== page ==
Meet suicide bombers and terrorist chiefs, relive your own service and ask yourself the questions about Zionism that none of our politicians have yet been able answer.
But most importantly, just come on the journey and remember a time that defined a generation.Beyond the Green Line: Jenin, West Bank, Israeli Occupied Territory
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We’d had a tough climb up the hill but it had been worth it to keep us hidden. At the top it was a different story. Anyone looking up from their window would see us on the crest silhouetted against the moonlit sky.
I could hear other small teams working in Jenin that night; each engaged in their own private firefight. The snap, crackle and pop of their gunfire reverberated around the city.
A minute after setting up we came under fire too.
It was the pinging on the rocks that gave the game away. I was surprised by how quickly the enemy fire erupted. It wasn’t particularly heavy, a few guys with rifles, but they were quick on the trigger. I peered through my scope to locate the source of the firing only to see what looked like someone signaling in Morse code with a torch. While I was puzzling out why they were signaling I heard more pinging on the rocks around me.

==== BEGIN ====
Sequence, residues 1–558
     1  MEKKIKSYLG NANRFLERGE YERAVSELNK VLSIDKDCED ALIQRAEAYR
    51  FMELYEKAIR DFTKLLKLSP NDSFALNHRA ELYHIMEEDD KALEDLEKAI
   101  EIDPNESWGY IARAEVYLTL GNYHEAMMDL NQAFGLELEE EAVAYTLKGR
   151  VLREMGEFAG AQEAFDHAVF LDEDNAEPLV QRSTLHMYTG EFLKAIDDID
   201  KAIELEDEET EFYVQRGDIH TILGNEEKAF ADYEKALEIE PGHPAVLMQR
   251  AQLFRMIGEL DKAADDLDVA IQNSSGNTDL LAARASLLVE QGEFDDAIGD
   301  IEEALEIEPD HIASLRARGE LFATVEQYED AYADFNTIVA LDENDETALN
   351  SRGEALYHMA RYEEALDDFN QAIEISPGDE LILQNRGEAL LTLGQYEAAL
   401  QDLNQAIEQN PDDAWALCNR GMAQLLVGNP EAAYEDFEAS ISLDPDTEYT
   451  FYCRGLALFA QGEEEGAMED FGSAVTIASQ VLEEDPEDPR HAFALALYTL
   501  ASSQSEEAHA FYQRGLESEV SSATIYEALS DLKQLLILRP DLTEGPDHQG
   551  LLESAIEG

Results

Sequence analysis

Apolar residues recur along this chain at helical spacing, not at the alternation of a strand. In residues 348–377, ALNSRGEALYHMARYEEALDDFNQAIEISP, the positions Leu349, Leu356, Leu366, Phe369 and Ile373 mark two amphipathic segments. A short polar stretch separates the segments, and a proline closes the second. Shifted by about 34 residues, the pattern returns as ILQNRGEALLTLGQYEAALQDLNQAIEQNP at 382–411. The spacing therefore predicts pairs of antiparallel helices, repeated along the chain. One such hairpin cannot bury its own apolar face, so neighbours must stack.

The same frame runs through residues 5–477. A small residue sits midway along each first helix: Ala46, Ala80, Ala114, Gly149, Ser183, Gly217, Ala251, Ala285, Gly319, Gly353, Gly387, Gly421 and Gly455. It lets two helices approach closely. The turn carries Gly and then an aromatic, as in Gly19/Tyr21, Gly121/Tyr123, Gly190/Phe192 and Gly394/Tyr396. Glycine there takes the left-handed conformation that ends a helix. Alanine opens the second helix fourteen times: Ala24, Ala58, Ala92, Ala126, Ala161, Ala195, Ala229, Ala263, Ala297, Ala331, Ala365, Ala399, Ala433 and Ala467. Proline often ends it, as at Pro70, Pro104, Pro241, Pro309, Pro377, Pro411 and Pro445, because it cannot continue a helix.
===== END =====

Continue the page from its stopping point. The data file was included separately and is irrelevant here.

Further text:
It wasn’t Morse code – it was muzzle flashes.
The people I was looking at weren’t messaging me they were shooting at me.
The major asked our sniper if he had a fix on the location of the gunfire. He didn’t. He then turned to Uzi, the spotter. Uzi had a clearer view through his own equipment and he directed the sniper and the nine of us onto the targets. The range finder classed them as being 550m away, within effective range of the sniper’s M24 rifle. It also put them outside the effective range of my own weapon.
Whereas my scope amplified by only four times, the sniper’s magnified by six. He still couldn’t see anything, but I could. The terrorists were firing from the window of an apartment building. They looked like green ghosts as I spied on them through my scope.
There was more than one but I couldn’t quite make out how many. “Ehud, have you got them in your sights?” Uzi asked the sniper.
“No,” came the reply.
Uzi then began another patient explanation via prominent landmarks to guide him toward his targets: “Do you see the tree at the foot of the hill?” he asked.